Artemisia’s art is certainly celebrated by Merlet’s film through luscious costumes and Caravaggesque lighting, but without its meaning, the art seems hollow and disconnected from the painter herself. When we see Tassi’s image in the real Artemisia Gentileschi’s paintings, as the sleeping man whose head is about to be chiseled open by a smiling woman in “Jael and Sisera,” as the leering satyr in “Corisca and the Satyr,” and in numerous variations on the Judith theme, are we to ignore the repeated violence, to allow it to communicate nothing about the feelings and intentions of the woman behind the brush? Women threatened by voyeurs, like Corisca, Susanna and Bathsheba; women escaping male clutches through heroic suicide, like Cleopatra and Lucretia; women murdering men, like Judith and Sisera — these are the figures that populate the paintings of Artemisia Gentileschi. To deny her rage and vulnerability is to deny the passion and power of her art. Agnès Merlet’s film Artemisia is a beautiful celebration of the positive freedoms of women, that forms a kind of feminist ideal. But without the willingness to explore suffering, or to express anger, it is only half-alive, and a disservice to the full-blooded achievement of Artemisia Gentileschi.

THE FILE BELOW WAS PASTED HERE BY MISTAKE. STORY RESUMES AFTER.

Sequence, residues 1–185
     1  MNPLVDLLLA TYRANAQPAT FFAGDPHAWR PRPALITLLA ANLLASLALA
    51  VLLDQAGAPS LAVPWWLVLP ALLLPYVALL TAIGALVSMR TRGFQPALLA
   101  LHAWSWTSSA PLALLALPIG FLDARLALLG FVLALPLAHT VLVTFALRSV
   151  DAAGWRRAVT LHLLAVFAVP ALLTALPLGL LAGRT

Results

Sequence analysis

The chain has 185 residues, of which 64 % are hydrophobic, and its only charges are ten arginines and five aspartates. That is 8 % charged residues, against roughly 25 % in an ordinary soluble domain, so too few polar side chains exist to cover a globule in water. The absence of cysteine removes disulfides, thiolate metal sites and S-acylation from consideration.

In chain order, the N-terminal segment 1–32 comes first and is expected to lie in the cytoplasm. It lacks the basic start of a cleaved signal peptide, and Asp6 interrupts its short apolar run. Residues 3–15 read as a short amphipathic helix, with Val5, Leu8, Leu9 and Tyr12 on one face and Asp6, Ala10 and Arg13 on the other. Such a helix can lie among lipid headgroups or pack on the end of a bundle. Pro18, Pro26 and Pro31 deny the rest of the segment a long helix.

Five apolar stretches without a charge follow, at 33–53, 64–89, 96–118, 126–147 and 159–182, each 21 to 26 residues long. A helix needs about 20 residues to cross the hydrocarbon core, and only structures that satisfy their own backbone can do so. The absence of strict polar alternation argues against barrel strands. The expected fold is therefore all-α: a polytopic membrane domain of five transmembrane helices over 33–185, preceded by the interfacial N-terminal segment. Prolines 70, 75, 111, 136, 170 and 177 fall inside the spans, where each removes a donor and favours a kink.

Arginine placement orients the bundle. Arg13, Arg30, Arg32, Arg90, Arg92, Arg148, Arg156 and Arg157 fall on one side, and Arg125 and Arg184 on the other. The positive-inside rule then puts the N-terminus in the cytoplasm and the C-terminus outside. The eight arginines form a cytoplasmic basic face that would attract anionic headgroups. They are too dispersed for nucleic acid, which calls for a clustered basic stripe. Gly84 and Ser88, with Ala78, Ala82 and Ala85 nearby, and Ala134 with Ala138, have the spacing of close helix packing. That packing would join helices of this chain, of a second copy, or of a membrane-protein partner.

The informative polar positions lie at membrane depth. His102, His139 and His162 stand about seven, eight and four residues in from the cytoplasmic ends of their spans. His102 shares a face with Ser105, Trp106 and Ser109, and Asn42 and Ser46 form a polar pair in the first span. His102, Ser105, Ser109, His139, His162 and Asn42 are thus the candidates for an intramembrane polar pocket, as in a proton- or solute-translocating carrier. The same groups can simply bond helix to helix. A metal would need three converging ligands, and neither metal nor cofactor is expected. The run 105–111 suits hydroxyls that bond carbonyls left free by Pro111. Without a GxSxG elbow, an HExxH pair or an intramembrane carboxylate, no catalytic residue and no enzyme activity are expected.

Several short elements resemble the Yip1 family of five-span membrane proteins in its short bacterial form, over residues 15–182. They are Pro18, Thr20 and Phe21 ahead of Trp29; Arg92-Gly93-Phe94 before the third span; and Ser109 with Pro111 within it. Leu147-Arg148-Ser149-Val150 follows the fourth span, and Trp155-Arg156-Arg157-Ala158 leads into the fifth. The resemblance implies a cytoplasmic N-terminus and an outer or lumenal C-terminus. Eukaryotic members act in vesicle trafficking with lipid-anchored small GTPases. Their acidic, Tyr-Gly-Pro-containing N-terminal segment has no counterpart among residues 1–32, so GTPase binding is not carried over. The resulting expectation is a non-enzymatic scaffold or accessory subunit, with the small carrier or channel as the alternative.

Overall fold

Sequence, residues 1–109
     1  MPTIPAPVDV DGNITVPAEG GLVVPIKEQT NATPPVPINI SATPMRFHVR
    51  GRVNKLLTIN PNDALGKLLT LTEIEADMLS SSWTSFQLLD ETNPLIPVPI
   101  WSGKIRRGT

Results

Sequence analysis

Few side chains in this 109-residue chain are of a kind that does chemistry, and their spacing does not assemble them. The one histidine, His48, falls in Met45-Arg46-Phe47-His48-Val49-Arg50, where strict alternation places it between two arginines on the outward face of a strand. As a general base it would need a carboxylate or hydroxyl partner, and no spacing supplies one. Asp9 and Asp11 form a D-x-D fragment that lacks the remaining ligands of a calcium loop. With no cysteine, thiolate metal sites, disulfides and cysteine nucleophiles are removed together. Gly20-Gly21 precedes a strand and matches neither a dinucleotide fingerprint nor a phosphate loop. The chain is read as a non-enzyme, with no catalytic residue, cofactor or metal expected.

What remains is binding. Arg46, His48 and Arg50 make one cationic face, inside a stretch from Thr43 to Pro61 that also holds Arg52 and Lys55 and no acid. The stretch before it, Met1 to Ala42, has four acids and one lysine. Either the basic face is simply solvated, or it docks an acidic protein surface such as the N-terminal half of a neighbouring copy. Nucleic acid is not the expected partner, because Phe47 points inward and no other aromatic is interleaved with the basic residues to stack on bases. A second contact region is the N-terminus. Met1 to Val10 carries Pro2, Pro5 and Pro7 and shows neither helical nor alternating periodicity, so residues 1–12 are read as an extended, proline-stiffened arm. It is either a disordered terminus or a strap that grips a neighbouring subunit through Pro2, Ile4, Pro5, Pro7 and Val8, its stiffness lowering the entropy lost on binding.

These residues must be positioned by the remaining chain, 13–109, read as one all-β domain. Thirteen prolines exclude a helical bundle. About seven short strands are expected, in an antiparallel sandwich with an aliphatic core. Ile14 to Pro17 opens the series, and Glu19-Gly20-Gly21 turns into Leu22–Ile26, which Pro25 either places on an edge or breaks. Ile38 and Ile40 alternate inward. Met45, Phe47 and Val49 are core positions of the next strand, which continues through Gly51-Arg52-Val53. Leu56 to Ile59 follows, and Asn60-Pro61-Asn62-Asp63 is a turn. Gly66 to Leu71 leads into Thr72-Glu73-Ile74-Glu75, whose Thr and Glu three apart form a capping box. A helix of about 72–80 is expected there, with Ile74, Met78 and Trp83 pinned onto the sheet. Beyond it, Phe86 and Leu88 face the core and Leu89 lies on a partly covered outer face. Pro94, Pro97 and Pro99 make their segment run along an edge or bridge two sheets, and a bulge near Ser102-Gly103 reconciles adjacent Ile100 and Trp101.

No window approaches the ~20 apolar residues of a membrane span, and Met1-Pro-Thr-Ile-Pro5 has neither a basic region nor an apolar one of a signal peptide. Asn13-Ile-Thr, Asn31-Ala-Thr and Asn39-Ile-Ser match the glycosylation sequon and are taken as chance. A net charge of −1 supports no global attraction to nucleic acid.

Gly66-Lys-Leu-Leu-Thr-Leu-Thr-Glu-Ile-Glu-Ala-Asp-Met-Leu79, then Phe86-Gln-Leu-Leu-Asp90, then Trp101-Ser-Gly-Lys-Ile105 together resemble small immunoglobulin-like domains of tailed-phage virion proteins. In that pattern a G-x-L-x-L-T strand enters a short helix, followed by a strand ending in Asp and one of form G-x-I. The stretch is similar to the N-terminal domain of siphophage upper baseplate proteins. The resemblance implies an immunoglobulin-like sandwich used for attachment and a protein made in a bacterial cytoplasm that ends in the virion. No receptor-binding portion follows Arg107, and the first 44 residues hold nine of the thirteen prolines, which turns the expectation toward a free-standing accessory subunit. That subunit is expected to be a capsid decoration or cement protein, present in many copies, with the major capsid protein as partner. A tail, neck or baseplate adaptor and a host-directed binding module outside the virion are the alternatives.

Brigit McCone is still mad she wasn’t taught more about Artemisia in art class. She writes and directs short films and radio dramas. Her hobbies include doodling and getting lost in Vieira da Silva paintings.